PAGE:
Q. You've got, I think, anyway, a great deal of humility to you. How do you balance that with a competitive side, with wanting to win, wanting to succeed now and still trying to very slowly learn your way through.
HARRIS ENGLISH: It's kind of how I was brought up. Success, it doesn't overwhelm me. I'm just still learning out here. I just graduated from college six, seven months ago. So it's still a learning process for me. I know it can go away just like that. I mean, golf, golf is a sport; you can build it up. You can get it taken away so easily. So I realized that. I've definitely had my up and downs in my career, and I know to stay level headed and to keep going, keep my head down and keep plugging along.
Q. Has there ever been a time where you didn't show the game enough respect? By that, I mean, I don't want to say thought it was too easy but thought things would come easily and were reminded it's not always that way?
HARRIS ENGLISH: My freshman year in college, I played pretty well and won two tournaments. I guess I took it a little for granted. I didn't have great sophomore season, but golf is hard. I mean, just little stuff can get you off and the smallest things could be your worst enemy. I definitely learned that a lot in college. I kept it as a process and kept working on things, and not to let it get the best of me. Played well my senior year and had a good summer this past summer and just kept building up and here I am.
Q. Good summer? Would you classify that as a good summer?
HARRIS ENGLISH: It was probably the best of my life. Started right here at the Southern Am and went on to the Nationwide tournament and Walker Cup. It's just been a blur but it's all been awesome, an awesome experience.
Q. You're making it look easy out here. What have been some of the things you've found the most challenging about life on the PGA Tour, whether it's travel or pro ams; you tell me.
HARRIS ENGLISH: Definitely travel. The West Coast events, I never played the golf courses and it was tough going to Humana, playing three courses before the tournament, and right after Sony I was tired. Like Pebble Beach, playing three golf courses there; it was tough. They say rookie year is the toughest because you're kind of learning all this new stuff and learning new golf courses. Luckily for here, I've seen the golf course before and can kind of ease into it. But it's a good learning experience. I've had a lot of help from veterans, especially Sea Island guys to tell me about the course, tell me where to stay, tell me where to eat. They have done a great job of that and to help make my life easier.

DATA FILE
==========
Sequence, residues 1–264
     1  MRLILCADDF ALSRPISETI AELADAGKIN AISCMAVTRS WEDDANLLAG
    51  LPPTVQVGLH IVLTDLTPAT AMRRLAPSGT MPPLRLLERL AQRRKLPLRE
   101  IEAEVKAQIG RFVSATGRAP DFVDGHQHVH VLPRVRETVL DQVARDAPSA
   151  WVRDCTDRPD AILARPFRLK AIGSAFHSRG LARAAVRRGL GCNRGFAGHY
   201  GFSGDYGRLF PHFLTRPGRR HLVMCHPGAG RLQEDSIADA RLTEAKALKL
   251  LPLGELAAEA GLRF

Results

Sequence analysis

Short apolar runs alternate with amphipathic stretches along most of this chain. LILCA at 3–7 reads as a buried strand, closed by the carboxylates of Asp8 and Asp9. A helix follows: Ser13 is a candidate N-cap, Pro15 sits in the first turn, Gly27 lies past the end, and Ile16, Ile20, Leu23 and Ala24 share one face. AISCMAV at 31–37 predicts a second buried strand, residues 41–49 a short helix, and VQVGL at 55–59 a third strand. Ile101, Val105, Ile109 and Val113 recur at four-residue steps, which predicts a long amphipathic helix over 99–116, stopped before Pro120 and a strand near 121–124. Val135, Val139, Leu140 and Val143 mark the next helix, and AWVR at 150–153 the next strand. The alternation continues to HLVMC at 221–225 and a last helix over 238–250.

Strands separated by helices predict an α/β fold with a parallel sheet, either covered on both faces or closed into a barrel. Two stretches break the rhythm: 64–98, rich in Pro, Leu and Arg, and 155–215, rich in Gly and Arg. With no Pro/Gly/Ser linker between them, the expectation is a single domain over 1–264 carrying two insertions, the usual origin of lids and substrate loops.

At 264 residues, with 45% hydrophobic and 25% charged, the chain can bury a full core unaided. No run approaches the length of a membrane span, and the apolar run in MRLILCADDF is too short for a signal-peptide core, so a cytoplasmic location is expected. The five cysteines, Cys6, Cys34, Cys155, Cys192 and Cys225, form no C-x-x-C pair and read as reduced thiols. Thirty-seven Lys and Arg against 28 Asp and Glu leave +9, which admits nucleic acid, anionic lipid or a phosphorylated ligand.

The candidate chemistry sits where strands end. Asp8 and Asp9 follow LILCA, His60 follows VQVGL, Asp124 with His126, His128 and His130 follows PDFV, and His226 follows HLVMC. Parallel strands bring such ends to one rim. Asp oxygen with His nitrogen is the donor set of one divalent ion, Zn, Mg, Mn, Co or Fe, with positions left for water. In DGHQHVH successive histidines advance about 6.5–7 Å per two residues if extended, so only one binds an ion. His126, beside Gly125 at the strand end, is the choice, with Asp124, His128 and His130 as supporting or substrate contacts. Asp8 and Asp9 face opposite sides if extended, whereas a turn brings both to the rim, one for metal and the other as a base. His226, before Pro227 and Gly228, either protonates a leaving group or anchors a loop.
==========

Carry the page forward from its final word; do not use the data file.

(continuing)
Q. Just compare yourself in the game now to a year ago just starting the spring semester, and what did you do during the off week between Honda and here?
HARRIS ENGLISH: I feel like I'm a much smarter player. I've had a good relationship with my caddie, Joe Etter, these past five, six months. He's helped me a lot. Just really different shots. I would normally try to pull off a lot of shots in college and amateur golf, but now I'm just playing safe and really playing for par. But I think that's the difference. I mean, I know I made a lot of doubles in the final round at Honda, but I'm trying to cut stuff like that out because that really hurts you. I think that was my biggest problem in college. I made too many doubles. Just trying to play smarter golf. That's what it's all about.
I played with Lucas and Scott Verplank and Justin Leonard and I was just kind of talking to them yesterday about that stuff and watching them play golf. They know what they do and they play their game. If they get in trouble, they get out and try to make par. They don't do anything stupid. That's why they are so successful.
Q. What did you do in the week between?
HARRIS ENGLISH: Just worked on shots. Kind of worked on stuff. It was pretty windy on Sea Island last week, so got to work on some of the troubles I had in that final round, and just kind of practicing and playing a lot. That's what it's all about. Just getting ready for these next couple week.
Q. No paddle boarding?
HARRIS ENGLISH: No, I've never done that before and after Lucas's injury, I might have to ease into that.
Q. Hate to belabor the point but let's go back to Michael Irvin for a minute. Where did this Michael Irvin come from? He's not the only 47 out there, is he?
HARRIS ENGLISH: Joe has a pretty cool imagination, and he loves sports just like I do. He just rattles off random facts to me most of the time which is pretty funny. For some reason we started talking about Michael and he said, "Do you know what number he was in college." And I had no idea. He said 47. For some reason I had a pitching wedge shot and I decided to call it Michael Irvin, and he liked that and kind of stuck.
Q. What would happen if it was 48 degrees?
HARRIS ENGLISH: Might have to get a new player.
MODERATOR: Thanks for your time. Best of luck this week.
The transcript for the above interview is courtesy of ASAP Sports.